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Water Activity and FSMA

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Learn why water activity is an ideal preventive control under FSMA, working in HARPC risk-based programs to prevent microbial growth.

The Food Safety Modernization Act (FSMA) has shifted the food safety system in the U.S. to preventative measures as opposed to reactionary measures. In other words, instead of focusing on how to react to foodborne illnesses, our focus now is to take the necessary steps to prevent foodborne illnesses. Water activity is an ideal measurement to use to keep food safe. 

A Risk-Based Approach

Under FSMA, all food producers need a food safety system in place to conduct hazard analyses, develop preventive controls, monitor processes, take corrective actions as needed, and verify the program's success. By creating this type of system, food producers can have preventative controls in place that allow them to identify the areas of most significant risk and take corrective actions immediately if breakdowns occur. 

Water Activity and Food Regulations

Although water activity has been a part of food regulations for a long time, it is more relevant and essential than ever before in this preventative space. Water activity has always been a preventive, not reactive, measure, making it a perfect fit in today's food safety programs. 

With this in mind, it's essential to understand that managing water activity is not a kill step. Instead, it is a step that keeps food safe by preventing microbial growth. It is also critical to remember that measuring moisture content does not predict microbial safety, nor does it guarantee that FSMA requirements are met. 

Figure 1. Water activity has long been a part of federal food regulations and has increased significance under FSMA.
Figure 1. Water activity has long been a part of federal food regulations and has increased significance under FSMA.

The Epitome of Prevention Control

Managing water activity levels in food products is one of the most straightforward and effective ways to keep food safe. This is because water activity is easy to measure and results in an accurate, productive understanding of how critical water activity levels prevent microbial growth. 

Ease

Water activity levels can be easily monitored and verified with the proper instrumentation – sometimes in as little as five minutes. Data is simple to gather and easily implemented in food safety programs.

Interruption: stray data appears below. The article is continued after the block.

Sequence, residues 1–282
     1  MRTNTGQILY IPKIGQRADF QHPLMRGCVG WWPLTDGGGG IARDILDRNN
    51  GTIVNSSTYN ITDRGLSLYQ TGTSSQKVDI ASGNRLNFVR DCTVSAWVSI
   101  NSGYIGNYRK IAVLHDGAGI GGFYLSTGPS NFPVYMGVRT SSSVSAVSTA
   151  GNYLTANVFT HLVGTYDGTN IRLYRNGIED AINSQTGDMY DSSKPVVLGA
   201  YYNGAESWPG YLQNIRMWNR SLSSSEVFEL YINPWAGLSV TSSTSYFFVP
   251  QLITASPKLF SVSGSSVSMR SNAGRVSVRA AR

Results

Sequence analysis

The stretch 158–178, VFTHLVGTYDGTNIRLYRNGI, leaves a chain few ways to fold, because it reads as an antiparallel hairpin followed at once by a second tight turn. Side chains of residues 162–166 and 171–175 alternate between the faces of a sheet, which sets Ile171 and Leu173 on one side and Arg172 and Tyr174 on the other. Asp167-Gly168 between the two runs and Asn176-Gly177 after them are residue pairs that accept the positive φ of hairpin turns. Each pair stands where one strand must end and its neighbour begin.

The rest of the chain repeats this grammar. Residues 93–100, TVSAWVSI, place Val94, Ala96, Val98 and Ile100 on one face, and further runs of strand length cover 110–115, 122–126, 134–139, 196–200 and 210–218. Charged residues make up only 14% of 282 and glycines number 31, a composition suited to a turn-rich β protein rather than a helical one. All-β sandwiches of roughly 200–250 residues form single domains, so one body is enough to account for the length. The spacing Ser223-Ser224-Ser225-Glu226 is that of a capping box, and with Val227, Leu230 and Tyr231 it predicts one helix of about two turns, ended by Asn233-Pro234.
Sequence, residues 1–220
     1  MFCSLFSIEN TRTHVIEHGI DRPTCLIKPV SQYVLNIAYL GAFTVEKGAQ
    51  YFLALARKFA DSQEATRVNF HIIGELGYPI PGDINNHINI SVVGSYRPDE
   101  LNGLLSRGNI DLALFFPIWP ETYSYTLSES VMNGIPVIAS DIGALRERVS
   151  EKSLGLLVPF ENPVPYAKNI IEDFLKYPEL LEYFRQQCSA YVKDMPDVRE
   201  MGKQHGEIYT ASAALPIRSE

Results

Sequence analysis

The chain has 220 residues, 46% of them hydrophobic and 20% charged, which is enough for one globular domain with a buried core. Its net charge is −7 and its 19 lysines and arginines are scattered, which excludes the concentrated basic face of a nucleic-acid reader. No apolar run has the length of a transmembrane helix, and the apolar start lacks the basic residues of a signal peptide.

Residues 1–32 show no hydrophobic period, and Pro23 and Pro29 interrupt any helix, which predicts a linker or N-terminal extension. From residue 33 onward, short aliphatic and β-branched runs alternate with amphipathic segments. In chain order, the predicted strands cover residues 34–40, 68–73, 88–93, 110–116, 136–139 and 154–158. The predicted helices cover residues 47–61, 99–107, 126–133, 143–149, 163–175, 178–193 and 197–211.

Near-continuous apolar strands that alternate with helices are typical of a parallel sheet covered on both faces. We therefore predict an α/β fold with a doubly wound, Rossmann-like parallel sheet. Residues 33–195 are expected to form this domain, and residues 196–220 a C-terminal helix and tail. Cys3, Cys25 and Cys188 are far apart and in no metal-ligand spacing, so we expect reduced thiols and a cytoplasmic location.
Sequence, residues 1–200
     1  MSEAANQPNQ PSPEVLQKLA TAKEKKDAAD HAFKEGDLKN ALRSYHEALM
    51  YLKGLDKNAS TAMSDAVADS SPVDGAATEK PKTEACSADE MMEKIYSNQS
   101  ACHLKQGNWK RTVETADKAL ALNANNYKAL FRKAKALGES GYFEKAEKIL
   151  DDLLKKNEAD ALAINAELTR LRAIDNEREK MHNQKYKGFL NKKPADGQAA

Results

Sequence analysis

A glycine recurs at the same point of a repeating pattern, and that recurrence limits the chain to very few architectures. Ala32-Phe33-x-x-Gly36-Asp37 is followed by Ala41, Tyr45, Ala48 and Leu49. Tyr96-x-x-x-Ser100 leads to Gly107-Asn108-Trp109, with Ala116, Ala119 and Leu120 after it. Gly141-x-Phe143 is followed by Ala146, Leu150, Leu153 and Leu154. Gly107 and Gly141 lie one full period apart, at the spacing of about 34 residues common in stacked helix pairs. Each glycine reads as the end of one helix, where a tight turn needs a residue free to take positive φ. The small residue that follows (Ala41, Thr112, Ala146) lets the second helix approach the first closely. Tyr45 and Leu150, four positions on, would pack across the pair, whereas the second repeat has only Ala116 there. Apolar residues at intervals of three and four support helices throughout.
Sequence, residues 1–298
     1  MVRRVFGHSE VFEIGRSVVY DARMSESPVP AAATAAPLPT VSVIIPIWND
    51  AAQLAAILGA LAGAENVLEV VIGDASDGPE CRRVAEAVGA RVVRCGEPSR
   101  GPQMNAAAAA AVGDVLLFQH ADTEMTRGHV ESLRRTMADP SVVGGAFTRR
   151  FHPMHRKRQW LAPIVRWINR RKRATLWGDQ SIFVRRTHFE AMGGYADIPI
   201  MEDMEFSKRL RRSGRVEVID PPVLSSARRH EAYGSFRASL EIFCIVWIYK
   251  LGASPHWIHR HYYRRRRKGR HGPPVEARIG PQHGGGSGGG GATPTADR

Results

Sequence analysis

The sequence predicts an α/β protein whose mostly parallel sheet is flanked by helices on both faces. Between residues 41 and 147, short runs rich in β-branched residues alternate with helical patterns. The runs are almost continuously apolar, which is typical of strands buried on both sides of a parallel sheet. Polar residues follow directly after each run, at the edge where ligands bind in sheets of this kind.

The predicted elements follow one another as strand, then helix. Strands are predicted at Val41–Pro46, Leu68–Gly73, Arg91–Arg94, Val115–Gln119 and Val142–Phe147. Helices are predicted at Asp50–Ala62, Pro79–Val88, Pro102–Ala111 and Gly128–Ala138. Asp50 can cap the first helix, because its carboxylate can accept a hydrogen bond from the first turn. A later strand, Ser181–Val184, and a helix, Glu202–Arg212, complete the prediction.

Critical water activity 

All organisms have a critical water activity level where they can no longer access water to go through their metabolic state. Thus, they enter a stage of dormancy. In the dormancy stage, organisms such as bacteria, mold, and yeast are not actively growing and cannot cause infection or illness. Therefore, by identifying each organism's critical water activity level, you are not killing the organism but can effectively prevent it from growing and stop its ability to cause illness.

Figure 2: Each organism has a critical water activity level where it enters a state of dormancy.
Figure 2: Each organism has a critical water activity level where it enters a state of dormancy.

Hurdle Technology and Interactions

Correctly understanding and monitoring water activity also allows you to implement hurdle technology when necessary. Sometimes controlling one factor, or one hurdle, that influences microbial growth is enough to stop the growth and prevent spoilage or contamination. At other times, it takes more than one hurdle to create a synergistic effect that will impede microbial growth. This is called the hurdle effect. Examples of hurdles are temperature, refrigeration, pH levels, redox potential, preservative, competitive organisms, vitamins, nutrients, and water activity. To successfully prevent microbial growth, you need to have enough hurdles or a high enough hurdle, to stop a microorganism from growing.

Understanding the interactions between water activity and pH levels can also be instrumental in hazard and risk analysis for the product, both inside and outside its package.

Figure 3: Understanding interactions and hurdles is essential to risk and hazard analysis.
Figure 3: Understanding interactions and hurdles is essential to risk and hazard analysis.

Water Activity in Food Code and Safety Systems

It's clear that water activity measurements, which have long been a part of food codes and regulations, are also a critical part of food safety systems that include hazard and risk analyses.

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